Wednesday, November 12, 2014

LIVE! from Potsdam! Agile Testing Days - Day 2!

Wednesday, November 12 dawned very nicely in Potsdam.  A soft, gentle morning.  Not too cool, very gentle weather.  Not that many participants were up and going at the same time I was - it was an excellent reception last night and may people continued the festivities into the wee hours. 

The theme of the party was "Carnival" recognizing the German Carnival celebrations that start regionally in early November.  Costumes and dancing - to tie in with Carnival in Brazil, there were Brazilian dancers, drummers entertaining the group - the party grew louder with the announcement of the winners of the Software Testing World Cup finals contest (held Monday evening.)

The third place winners were the team from Romania - the Army Ants, European winners.  The second place team was The Annunciation from New Zeeland, the Oceana winners.  The winning, first place team was Cesar Brazil, from Brazil - the South American winners.

I spent time yesterday afternoon talking with Lisa Crispin, Janet Gregory and (ahem) Joe Justice - from Scrum Inc (yeah, Jeff Sutherland's company)


Joe Justice is presenting his keynote on How Test First Saved the World.  He works fro Scrum Inc.,and runs his own 501-C-3 - WikiSpeed.  Wikispeed is a cool company focused on making ultra-high efficiency, ultra-low emission, road legal, practical purposes.

Joe put together an entry for the X-Car prize - and the results were astounding.  They landed at the Detroit Auto Show, and then were contacted by other manufacturers.  They are now capable of producing cars - and have 1 in Germany (arrived last night) to be assembled at the conference.

This started by Joe setting up some stories - targets such as "build a car that is low emissions", "build a car that is ultra-efficient" and "build a car that is road legal."  He modeled components, such as the body designed in foam, then built the car that went on display at the Detroit Auto Show - and a fan saw the picture - mocked up some variations - and THAT is what is now available.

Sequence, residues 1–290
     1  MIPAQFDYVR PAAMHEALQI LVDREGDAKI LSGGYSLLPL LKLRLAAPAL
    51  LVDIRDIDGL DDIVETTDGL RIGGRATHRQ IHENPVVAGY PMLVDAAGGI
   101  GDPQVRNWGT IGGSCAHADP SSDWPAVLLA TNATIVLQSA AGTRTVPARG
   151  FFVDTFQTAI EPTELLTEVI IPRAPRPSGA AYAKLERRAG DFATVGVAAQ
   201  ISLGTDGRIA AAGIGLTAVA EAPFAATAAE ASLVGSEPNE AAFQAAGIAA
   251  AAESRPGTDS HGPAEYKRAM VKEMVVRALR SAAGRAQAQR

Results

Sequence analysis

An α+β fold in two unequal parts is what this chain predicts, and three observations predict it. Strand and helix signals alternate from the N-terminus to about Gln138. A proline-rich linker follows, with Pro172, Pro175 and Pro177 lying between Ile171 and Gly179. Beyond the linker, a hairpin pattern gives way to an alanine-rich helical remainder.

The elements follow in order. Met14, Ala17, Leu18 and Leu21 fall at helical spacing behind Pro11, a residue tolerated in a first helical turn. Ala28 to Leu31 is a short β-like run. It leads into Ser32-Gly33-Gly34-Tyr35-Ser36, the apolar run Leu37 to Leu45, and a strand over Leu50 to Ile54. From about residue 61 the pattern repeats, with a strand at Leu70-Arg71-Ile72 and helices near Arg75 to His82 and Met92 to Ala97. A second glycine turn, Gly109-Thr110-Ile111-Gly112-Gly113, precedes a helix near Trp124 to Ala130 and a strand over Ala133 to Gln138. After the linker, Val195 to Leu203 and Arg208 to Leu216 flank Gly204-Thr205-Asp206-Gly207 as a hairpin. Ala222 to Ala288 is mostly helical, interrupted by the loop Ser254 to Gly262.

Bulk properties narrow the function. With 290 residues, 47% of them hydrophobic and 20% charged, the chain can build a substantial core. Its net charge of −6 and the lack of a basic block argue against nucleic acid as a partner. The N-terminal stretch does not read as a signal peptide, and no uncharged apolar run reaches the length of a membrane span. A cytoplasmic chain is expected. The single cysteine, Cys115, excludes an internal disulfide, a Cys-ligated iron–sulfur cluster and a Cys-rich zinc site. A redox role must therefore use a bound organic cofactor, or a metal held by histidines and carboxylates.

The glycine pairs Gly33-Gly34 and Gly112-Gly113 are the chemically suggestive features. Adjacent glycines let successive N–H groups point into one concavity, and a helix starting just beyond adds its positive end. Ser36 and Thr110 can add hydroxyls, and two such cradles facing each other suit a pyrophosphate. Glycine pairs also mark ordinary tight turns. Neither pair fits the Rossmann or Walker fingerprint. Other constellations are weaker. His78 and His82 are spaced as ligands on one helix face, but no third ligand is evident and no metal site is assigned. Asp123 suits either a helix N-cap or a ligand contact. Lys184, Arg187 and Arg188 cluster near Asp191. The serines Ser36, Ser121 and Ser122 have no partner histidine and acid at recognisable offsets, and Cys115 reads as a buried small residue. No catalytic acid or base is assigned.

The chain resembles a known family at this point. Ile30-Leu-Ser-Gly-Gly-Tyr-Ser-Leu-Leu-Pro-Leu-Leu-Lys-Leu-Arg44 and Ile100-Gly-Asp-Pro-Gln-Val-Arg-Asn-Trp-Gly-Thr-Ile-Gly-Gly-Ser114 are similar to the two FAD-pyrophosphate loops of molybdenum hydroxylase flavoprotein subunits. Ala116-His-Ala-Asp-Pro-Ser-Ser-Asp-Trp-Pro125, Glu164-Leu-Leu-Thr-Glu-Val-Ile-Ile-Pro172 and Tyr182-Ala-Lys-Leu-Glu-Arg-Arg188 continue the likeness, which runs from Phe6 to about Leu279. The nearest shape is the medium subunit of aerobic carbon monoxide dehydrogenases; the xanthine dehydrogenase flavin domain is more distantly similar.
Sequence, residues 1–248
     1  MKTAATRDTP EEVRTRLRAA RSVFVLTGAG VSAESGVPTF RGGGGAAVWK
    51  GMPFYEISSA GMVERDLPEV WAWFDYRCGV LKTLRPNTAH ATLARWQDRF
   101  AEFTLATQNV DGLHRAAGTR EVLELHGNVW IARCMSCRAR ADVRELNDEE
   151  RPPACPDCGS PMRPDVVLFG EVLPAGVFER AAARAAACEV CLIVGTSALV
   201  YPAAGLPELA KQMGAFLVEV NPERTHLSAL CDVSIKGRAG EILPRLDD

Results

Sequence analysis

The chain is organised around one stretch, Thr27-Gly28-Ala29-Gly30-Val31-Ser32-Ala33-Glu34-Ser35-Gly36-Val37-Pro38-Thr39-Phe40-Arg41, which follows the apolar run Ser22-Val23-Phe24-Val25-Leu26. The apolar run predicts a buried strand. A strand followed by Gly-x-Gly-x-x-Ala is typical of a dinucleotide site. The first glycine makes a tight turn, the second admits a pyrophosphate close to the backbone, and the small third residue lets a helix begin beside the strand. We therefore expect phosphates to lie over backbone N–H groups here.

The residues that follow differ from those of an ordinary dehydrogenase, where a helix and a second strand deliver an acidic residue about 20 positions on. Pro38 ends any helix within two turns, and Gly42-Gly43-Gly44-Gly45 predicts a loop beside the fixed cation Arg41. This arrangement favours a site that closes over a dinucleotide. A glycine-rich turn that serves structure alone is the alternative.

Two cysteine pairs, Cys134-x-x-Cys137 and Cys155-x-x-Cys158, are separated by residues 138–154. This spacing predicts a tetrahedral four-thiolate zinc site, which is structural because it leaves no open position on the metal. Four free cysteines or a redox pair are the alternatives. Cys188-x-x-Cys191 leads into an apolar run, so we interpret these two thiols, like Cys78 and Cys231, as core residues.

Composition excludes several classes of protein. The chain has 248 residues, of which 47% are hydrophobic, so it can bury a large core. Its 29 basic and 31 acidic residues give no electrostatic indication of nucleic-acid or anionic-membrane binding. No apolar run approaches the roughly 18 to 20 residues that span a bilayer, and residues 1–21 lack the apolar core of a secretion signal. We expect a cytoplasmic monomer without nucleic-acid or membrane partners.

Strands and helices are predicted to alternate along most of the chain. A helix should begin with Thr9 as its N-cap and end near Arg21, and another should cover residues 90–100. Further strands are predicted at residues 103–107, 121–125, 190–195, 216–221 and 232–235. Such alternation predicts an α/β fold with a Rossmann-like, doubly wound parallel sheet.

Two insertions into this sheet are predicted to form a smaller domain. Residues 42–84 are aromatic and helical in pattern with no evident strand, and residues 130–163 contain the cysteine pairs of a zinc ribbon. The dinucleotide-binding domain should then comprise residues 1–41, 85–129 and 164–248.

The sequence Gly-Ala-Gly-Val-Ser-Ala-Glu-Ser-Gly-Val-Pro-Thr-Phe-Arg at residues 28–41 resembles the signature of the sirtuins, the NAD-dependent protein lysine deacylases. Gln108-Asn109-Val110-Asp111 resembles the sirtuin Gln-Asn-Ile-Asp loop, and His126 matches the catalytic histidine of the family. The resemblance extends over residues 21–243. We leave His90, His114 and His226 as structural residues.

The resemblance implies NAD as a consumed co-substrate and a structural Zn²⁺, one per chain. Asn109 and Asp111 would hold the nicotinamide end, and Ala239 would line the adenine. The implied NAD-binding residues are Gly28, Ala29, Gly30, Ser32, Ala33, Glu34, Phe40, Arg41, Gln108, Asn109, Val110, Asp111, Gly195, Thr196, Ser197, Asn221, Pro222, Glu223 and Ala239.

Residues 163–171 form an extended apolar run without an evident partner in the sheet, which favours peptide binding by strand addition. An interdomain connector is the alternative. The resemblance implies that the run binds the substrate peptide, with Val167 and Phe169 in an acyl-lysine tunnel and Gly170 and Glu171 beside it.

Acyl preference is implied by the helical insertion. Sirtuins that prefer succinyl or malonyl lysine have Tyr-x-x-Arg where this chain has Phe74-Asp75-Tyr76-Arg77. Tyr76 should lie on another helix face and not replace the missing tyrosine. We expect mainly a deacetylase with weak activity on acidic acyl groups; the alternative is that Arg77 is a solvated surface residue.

Wikispeed calls these techniques "XM" - Extreme Manufacturing.  They employ the core principles of Extreme Programming - Joe was a Java developer and Scrum coach before he turned into a car designer.

Using these techniques, SAAB is building combat aircraft at a fraction of the cost of the comparable combat aircraft in the US - the F35.  Which, by the way, still is not in production because of "software errors."

These techniques are now in use at Lockheed Martin to fix the problems with the F35, and also at Boeing - and now at John Deere.

Tomes Law: Team Velocity+Portfolio Velocity = Transition Velocity - named for an embedded Scrum coach with John Deere.

What has been found in these organizations is that teams of 4-5 people make highly efficient teams.  Other companies, such as Raytheon and Tom Tom (the GPS folks) have applied these techniques and significantly reduced their backlog.

Joe was brought in to advise Unesco on stabilizing EU troubled economies.  Explaining how  Scrum worked, short iterations, short delivery and quick review - and now are looking at the way to revamp their company recovery plan - which used to require a 5 year plan with penalties for deviation from the plan - to an iterative approach for recovery.  Except now this needs to be tested.

The testers need to be able to support people by asking the right questions at the right time.

That is what we are supposed to do anyway, right?

Now - There are companies and organizations and countries that are working poorly that can work better.  Using Agile techniques in general and Scrum in particular can help people do better work and get those companies, organizations and countries out of trouble.

(Umm - Joe is going really fast - I hope that the someone else is catching stuff I'm missing)